King’s Cross, one of the most famous stations in London, was built for the Great Northern Railway to serve Yorkshire, the north-east of England and Scotland. The engineer was Joseph Cubitt and the station was designed by his older brother, Lewis Cubitt.
The station was built in 1851 – 52 on the site of the London Smallpox Hospital. When it opened it was the largest station in England and included coal stores, a six-storey granary and stabling for 300 horses.
King’s Cross has always been noted more for its trains than its buildings – the ‘Flying Scotsman’, Britain’s most famous train, made her last journey from here.
Compared to the elaborate St Pancras Station next door, the design of King’s Cross is functional. The facade, behind a forecourt building, is built of London brick and makes a features of the two train-sheds arches beneath an 120 ft Italianate clock tower. The 70 ft high train-sheds, one for arrivals and one for departures, extend for 800 ft to the rear of the station.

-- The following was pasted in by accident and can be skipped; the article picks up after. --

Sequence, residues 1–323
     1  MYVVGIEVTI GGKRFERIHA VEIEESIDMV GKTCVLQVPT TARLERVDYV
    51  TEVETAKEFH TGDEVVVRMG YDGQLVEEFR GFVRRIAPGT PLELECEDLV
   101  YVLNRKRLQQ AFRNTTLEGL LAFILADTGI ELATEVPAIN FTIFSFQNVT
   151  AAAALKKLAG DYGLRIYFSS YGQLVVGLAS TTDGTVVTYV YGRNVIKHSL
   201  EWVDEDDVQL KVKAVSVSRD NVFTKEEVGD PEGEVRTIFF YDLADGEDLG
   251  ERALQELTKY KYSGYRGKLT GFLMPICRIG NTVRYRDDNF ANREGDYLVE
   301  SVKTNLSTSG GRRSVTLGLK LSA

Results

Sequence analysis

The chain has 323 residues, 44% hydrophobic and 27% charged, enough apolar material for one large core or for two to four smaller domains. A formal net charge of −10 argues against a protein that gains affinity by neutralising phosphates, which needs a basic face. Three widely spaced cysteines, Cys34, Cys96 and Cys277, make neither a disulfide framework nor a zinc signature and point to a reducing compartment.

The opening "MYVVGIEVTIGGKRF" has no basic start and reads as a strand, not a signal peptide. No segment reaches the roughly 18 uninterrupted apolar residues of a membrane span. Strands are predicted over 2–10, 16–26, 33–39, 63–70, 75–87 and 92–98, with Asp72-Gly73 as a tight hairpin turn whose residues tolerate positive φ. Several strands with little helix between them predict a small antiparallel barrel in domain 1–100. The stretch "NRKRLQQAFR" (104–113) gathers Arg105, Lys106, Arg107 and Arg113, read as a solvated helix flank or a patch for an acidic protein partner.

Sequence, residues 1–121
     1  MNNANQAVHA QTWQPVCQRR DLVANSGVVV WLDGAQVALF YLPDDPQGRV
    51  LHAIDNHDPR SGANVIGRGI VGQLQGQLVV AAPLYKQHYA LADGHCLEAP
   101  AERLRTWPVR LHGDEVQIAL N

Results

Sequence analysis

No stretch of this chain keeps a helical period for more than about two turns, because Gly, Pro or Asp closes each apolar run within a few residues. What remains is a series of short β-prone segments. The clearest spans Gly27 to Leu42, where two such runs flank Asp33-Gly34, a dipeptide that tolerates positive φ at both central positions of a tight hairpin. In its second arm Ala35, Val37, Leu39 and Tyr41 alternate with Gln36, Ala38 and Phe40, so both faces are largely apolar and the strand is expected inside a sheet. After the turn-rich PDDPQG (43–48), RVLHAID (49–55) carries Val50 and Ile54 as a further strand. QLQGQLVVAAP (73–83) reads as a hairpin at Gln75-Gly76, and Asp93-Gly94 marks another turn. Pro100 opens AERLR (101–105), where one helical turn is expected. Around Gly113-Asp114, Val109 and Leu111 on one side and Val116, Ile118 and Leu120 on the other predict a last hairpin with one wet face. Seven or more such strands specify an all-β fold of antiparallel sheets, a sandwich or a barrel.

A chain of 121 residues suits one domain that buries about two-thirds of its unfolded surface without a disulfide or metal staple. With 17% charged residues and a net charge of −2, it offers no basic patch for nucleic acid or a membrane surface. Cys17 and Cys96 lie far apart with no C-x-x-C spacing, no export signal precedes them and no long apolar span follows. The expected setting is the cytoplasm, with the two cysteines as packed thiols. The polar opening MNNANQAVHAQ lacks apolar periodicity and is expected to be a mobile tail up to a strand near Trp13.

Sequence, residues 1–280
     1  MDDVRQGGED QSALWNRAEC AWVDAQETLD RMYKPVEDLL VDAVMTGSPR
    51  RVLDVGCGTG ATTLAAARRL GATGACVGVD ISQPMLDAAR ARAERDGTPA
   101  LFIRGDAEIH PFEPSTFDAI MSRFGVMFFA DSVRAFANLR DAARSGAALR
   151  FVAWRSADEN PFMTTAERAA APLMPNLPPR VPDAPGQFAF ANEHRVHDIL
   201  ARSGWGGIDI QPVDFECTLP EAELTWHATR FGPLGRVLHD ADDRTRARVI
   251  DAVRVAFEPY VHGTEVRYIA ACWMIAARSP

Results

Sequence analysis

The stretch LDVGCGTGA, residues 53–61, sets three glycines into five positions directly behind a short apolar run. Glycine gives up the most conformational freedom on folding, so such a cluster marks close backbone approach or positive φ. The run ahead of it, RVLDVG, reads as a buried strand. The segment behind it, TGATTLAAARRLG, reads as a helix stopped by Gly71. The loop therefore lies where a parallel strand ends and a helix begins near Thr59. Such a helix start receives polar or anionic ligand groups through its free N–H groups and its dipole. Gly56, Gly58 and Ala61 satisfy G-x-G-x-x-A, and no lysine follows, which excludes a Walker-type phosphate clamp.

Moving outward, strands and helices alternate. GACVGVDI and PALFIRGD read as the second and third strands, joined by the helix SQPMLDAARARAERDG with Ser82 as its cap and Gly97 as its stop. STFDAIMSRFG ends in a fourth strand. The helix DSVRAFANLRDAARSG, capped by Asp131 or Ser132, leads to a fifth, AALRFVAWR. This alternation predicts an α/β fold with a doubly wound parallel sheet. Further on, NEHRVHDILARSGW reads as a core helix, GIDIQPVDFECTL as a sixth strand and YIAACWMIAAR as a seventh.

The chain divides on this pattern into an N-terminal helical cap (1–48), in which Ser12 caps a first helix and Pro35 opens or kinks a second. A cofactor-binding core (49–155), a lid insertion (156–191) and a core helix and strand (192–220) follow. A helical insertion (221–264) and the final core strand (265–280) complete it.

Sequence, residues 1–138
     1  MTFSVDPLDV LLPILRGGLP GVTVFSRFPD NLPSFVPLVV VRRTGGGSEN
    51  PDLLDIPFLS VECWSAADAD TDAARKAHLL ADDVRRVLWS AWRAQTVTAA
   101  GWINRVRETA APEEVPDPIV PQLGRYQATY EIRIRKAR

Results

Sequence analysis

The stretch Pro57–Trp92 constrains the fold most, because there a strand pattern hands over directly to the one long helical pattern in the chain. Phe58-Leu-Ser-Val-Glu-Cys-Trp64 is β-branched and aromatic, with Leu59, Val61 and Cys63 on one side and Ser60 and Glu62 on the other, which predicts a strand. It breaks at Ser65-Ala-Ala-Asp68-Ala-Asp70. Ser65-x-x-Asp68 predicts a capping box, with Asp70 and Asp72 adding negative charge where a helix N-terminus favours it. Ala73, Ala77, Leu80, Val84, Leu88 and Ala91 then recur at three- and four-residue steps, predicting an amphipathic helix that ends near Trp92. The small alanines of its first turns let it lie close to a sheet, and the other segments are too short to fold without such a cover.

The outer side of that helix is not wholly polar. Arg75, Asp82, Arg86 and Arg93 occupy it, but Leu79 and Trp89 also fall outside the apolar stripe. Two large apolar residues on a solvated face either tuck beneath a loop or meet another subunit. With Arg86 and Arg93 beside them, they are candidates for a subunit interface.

Soon after the station was built, two new platforms had to be created down the middle of the station between the two train-sheds, which proved to be narrow and inconvenient. In 1875 a small suburban station was built alongside to serve north London as far as Finchley and Barnet. The Metropolitan Line, which connects King’s Cross with the City and Paddington, was the first Underground in the world, and was opened in 1863.
Beside King’s Cross is the Great Northern Hotel, built three years after the station and designed by Lewis Cubitt. In the same style as King’s Cross, this impressive building is currently scheduled for demolition.